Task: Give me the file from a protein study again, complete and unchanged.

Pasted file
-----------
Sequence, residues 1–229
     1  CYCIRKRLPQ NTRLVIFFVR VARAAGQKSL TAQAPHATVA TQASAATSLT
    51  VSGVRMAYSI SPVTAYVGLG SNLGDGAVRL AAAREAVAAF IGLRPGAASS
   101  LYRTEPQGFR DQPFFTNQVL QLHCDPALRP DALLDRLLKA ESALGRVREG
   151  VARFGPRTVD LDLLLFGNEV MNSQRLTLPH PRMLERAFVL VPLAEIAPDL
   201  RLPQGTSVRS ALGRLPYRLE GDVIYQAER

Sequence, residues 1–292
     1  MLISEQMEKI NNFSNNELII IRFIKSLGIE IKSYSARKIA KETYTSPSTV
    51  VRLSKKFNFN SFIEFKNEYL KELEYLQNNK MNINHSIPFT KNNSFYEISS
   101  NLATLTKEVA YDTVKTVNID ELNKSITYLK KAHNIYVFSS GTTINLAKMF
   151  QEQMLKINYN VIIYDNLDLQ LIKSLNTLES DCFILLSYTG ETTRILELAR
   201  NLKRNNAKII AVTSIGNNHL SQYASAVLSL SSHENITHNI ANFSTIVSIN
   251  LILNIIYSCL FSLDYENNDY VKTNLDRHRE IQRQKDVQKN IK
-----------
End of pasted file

Sequence, residues 1–229
     1  CYCIRKRLPQ NTRLVIFFVR VARAAGQKSL TAQAPHATVA TQASAATSLT
    51  VSGVRMAYSI SPVTAYVGLG SNLGDGAVRL AAAREAVAAF IGLRPGAASS
   101  LYRTEPQGFR DQPFFTNQVL QLHCDPALRP DALLDRLLKA ESALGRVREG
   151  VARFGPRTVD LDLLLFGNEV MNSQRLTLPH PRMLERAFVL VPLAEIAPDL
   201  RLPQGTSVRS ALGRLPYRLE GDVIYQAER

Sequence, residues 1–292
     1  MLISEQMEKI NNFSNNELII IRFIKSLGIE IKSYSARKIA KETYTSPSTV
    51  VRLSKKFNFN SFIEFKNEYL KELEYLQNNK MNINHSIPFT KNNSFYEISS
   101  NLATLTKEVA YDTVKTVNID ELNKSITYLK KAHNIYVFSS GTTINLAKMF
   151  QEQMLKINYN VIIYDNLDLQ LIKSLNTLES DCFILLSYTG ETTRILELAR
   201  NLKRNNAKII AVTSIGNNHL SQYASAVLSL SSHENITHNI ANFSTIVSIN
   251  LILNIIYSCL FSLDYENNDY VKTNLDRHRE IQRQKDVQKN IK